|:: Mahavir Swami
Lord Mahavir is the twenty-fourth and the last Tithankar of the Jain religion of this era. According to Jain philosophy, all Thirthankars were human beings but they attained a state of perfect enlightenment through meditation and self-realization.
Mahavir was born in the month of Chaitra on the 13th day in 599 BC as per Indian calendar in the state of Kshatriyakund, Bihar, India. His father’s name was King Siddhartha and mother‘s name was Queen Trishala. From his early childhood, he was found to be unusually intelligent, fearless, affectionate, and compassionate. At a mature age, he firmly realized that worldly happiness and pleasure do not last and are based mostly on the inconvenience, miseries, and unhappiness of others. He therefore planned to renounce the worldly life in search of a solution to eliminate pain, sorrow, and sufferings of life and to find true happiness. Hence, at the age of 30 he renounced the worldly life and became a monk. Mahavir spent the next twelve and half years in deep silence and meditation to conquer his desires, feelings, and attachments. He carefully avoided harming or annoying other living beings including animals, birds, and plants. Also during this time he observed severe austerity, fasting most of the time, moving from place to place on foot, and peacefully faced all types of hardships. During this period, he progressed spiritually and ultimately he attained Kevaljnan (omniscience) or perfect enlightenment at the age of 42 at Pavapuri, Bihar, India. Thus, Mahavir became Lord Mahavir or Bhagawan Mahavir or Mahavir Swami.
Lord Mahavir spent the next thirty years traveling bare feet all over India preaching the eternal truth he had realized, to the people. The ultimate objective of his teaching is how one can attain total freedom from the cycle of birth, life, pain, misery, and death, and achieve the permanent blissful state of one’s self. This blissful state is also known as liberation, nirvan, absolute freedom, or Moksha.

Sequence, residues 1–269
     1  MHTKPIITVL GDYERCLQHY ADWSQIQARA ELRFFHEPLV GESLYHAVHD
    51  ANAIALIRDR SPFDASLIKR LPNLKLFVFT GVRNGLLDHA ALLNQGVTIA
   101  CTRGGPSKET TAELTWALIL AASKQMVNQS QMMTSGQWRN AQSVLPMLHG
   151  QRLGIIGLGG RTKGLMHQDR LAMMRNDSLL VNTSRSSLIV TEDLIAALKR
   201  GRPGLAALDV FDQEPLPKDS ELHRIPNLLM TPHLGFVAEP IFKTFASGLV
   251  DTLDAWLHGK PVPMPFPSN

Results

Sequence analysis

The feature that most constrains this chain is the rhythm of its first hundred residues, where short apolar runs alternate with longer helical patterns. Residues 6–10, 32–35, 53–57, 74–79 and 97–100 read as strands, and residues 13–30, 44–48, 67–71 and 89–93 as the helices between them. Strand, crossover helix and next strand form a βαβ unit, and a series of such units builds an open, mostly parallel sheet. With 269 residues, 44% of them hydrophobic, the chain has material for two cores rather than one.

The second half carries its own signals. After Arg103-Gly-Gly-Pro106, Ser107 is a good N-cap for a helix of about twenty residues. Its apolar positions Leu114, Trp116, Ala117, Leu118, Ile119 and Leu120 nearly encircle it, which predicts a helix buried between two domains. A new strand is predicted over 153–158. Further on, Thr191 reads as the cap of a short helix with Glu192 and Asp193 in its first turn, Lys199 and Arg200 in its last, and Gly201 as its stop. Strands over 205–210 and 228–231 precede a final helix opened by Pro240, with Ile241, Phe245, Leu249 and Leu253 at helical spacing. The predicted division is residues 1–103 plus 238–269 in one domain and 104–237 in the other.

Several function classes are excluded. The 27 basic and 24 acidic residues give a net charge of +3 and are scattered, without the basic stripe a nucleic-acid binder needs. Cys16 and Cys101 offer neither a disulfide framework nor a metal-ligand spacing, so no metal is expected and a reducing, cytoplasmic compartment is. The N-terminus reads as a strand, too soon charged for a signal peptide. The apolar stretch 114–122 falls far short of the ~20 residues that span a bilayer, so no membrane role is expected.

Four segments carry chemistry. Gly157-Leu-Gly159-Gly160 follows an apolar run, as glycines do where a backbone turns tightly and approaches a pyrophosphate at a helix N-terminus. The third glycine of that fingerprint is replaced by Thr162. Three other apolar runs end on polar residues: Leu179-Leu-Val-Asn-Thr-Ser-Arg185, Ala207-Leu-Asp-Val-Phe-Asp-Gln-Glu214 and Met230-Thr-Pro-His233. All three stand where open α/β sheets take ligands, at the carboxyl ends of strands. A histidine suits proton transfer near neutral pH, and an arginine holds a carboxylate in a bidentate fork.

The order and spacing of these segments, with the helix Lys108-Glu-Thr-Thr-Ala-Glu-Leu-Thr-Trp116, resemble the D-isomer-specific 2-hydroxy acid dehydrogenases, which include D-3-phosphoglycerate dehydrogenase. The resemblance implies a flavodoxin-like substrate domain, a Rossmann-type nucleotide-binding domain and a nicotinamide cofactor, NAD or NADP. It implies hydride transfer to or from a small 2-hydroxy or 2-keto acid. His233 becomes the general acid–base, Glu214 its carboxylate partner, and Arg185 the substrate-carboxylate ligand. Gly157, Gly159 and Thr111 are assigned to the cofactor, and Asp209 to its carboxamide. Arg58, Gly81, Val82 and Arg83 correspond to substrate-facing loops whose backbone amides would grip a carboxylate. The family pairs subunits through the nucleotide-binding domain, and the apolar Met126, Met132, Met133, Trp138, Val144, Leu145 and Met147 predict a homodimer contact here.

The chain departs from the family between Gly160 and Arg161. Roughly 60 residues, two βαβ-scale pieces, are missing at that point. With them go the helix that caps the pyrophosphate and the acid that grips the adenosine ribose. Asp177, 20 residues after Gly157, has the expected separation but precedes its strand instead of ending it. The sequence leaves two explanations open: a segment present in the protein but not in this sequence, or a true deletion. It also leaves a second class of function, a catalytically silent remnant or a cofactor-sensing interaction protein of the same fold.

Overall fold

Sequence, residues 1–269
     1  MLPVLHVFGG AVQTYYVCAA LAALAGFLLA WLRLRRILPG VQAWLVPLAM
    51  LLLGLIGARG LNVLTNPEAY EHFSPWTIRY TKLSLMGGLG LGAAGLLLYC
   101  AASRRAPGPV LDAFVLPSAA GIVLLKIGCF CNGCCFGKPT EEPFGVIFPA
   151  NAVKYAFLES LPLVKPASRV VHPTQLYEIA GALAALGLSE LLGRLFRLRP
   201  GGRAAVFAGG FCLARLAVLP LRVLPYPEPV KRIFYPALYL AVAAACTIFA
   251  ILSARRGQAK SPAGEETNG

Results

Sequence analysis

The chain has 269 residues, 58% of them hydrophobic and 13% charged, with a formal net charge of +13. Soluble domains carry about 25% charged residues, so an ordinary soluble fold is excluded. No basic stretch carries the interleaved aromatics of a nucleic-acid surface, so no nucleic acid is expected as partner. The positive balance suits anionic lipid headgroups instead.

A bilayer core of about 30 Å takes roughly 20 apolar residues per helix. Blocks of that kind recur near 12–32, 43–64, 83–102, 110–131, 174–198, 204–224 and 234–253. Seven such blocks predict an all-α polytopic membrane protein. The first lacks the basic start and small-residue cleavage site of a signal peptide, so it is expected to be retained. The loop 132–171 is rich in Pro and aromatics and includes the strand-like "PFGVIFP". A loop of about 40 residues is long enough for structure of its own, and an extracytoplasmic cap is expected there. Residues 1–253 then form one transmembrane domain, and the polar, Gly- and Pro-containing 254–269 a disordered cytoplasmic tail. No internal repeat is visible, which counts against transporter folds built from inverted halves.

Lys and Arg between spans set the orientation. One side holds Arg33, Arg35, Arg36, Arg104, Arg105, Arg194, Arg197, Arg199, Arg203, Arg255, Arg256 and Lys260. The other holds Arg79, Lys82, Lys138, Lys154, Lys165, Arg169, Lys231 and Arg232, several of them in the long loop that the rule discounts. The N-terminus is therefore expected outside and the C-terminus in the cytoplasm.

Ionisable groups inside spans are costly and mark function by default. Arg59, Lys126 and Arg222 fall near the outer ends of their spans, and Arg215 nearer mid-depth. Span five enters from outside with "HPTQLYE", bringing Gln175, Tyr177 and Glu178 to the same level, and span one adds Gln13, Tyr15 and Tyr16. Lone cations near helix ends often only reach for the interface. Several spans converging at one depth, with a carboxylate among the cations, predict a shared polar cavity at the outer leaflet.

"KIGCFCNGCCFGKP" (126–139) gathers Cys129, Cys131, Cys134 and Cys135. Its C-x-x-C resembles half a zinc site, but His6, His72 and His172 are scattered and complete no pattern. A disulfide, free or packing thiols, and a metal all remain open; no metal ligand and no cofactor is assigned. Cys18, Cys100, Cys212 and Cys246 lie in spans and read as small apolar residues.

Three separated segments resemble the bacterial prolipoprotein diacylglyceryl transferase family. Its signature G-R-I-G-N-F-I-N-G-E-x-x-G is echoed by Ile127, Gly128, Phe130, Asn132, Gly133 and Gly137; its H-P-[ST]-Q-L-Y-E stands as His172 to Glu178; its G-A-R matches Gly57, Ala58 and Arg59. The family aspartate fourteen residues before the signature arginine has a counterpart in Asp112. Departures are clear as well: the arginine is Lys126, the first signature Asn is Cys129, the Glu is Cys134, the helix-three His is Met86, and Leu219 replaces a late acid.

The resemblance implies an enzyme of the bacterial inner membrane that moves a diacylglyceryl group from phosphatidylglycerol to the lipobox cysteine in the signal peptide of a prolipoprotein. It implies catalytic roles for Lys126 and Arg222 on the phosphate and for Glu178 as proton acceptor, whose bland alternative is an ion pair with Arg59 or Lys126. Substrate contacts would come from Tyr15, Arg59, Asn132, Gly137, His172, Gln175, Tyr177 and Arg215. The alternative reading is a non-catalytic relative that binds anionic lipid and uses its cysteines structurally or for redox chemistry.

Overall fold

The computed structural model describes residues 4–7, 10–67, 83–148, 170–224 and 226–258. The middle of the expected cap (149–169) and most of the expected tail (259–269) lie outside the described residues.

Lord Mahavir preached that right faith (Samyag-darshan), right knowledge ( Samyag Jnan), and right conduct (Samyag-charitra) together are the real paths to attain the liberation from karmic matter of one’s life. At the heart of right conduct for Jains lie the five great vows: (1) Nonviolence (Ahimsa) – not to cause harm to any living beings by thoughts, speech or actions (2) Truthfulness (Satya) – to speak only the harmless truth (3) Non-stealing (Asteya) – not to take anything that is not properly given (4) Celibacy (Brahmcharya) – not to indulge in sensual pleasures (5) Non-possession / Non-attachment (Aparigraha) – complete detachment from people, places and material things.
At the age of seventy-two (527 B. C.), lord Mahavir attained Nirvan and his purified soul left his body and achieved complete liberation on the day of Deepavali. This is the last day of the Hindu and Jain calendar year.
Jainism existed long before Lord Mahavir, and his teachings were based on those of his predecessors. Thus Mahavir was more of a reformer and propagator of an existing religious order than the founder of a new faith. He followed the well-established creed of his predecessor Tithankar Parshwanath.
About 3000 years ago, Parshwa-kumar was born on the 10th day of the dark half of the month of Margashirsh (which usually falls in December) in the city of Varanasi also known as Banaras in India. His father’s name was King Asvasen and mother‘s name was Queen Vamadevi.
Observing the miseries that living beings had to experience in their worldly life, Parshwa-kumar developed a high degree of detachment towards worldly possessions and relationships. At the age of 30, he renounced all his possessions and his family and became a monk. Later, he became known as Parshwanath. He spent most of his time meditating in search of the ultimate truth. Developing a higher purity of consciousness, he ultimately attained Kevaljnan (omniscience) or perfect enlightenment on the 84th day of his renunciation. Parshwanath then began preaching true religion. He reinstated the Tirtha or religious four-fold order, namely monk (Sadhu), nun (Sadhvi), layman (Shravak), and laywoman (Shravika). This order is known as Jain Sangha. He attained Nirvan and his purified soul left his body and achieved complete liberation at the age of 100 at Mountain Sametsikhar in Bihar, India. He became the 23rd Tithankar of the Jain religion.